A crude flute carved out of a bone.

"The Singing Bone" (German: "Der singende Knochen") is a German fairy tale. It is included in Kinder- und Hausmärchen (Children's and Household Tales), the 1812 anthology of German folktales compiled by the Brothers Grimm.

The story concerns two brothers who volunteer to kill a dangerous wild boar that has been menacing the kingdom. Whoever succeeds in killing the boar will be given the princess' hand in marriage. The younger brother kills the boar. His jealous older brother, however, murders him and claims the reward for himself. The older brother's crime goes undetected for a long time, until a shepherd finds one of the younger brother's bones and makes it into a musical instrument.

Stories similar to "The Singing Bone" also exist in Danish, English, Hungarian, Icelandic, Norwegian, Slovenian and Swedish folklore. In most of those variants, the two siblings are sisters rather than brothers. "The Singing Bone" may also be related to the ancient Greek myth of Meleager and the Calydonian Boar.

Many modern parents are likely to consider "The Singing Bone" to be unsuitable reading for their children.


In a forest lives a dangerous wild boar that destroys farmers' fields, kills farm animals, and sometimes even kills people. The king offers a generous reward to anyone who can kill the beast. Nobody, however, takes him up on that offer. The king then declares that his daughter will marry whoever kills the boar.

two brothers volunteer to slay the boar. The older brother is devious and cunning. He wants to kill the boar because of the prestige that doing so will bring. The younger brother is kind-hearted and naive. He wants to kill the boar in order to help the people of the kingdom.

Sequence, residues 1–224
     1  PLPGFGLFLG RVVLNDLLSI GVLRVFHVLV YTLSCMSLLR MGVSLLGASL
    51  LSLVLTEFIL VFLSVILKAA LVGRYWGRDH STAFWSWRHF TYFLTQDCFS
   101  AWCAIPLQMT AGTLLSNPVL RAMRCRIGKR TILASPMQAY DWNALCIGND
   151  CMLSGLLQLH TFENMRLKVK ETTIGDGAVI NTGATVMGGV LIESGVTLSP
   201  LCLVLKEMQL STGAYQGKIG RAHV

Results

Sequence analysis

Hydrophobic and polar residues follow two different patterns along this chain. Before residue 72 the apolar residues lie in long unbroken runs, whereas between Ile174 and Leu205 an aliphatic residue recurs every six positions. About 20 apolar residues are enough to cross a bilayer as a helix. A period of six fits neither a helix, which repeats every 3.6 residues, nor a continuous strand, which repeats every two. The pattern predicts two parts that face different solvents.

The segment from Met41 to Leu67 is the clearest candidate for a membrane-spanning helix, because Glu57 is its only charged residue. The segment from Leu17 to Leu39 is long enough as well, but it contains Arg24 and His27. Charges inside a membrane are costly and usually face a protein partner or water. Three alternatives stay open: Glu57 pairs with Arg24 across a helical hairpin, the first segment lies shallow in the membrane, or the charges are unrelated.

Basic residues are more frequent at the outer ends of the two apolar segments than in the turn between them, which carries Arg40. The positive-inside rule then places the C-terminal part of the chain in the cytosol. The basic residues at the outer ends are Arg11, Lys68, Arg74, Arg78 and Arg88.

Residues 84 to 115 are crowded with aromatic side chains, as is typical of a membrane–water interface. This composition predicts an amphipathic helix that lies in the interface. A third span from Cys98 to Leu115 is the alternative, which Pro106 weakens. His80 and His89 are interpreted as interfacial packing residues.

So that they have a better chance of meeting the boar, the king tells the two brothers to enter the forest from opposite directions. The older brother enters the forest from the west and the younger one goes into it from the east. The younger brother has not gone very far when a dwarf appears to him. The dwarf says that he can see that the younger brother has a good and innocent heart. He gives the younger brother a spear and explains that the boar cannot harm him if he carries that weapon. Soon afterwards, the boar starts running towards the younger brother. The younger brother holds the spear in front of him. The wild boar runs straight into it and is killed.

On his way out of the forest with the dead boar's body, the younger brother passes a house where a party is being held. The older brother is there. he had decided to get drunk in order to feel braver before going off to face the boar. The older brother invites the younger brother into the house and keeps him there for several hours.

At night, the two brothers leave the house. They walk across a bridge over a brook. The younger brother goes first. The older brother strikes him from behind and kills him. The older brother buries the younger brother's body under the bridge. He takes the boar's body to the king and claims to have killed it. He is allowed to marry the princess. When his younger brother does not return, the older brother says that the boar probably killed him.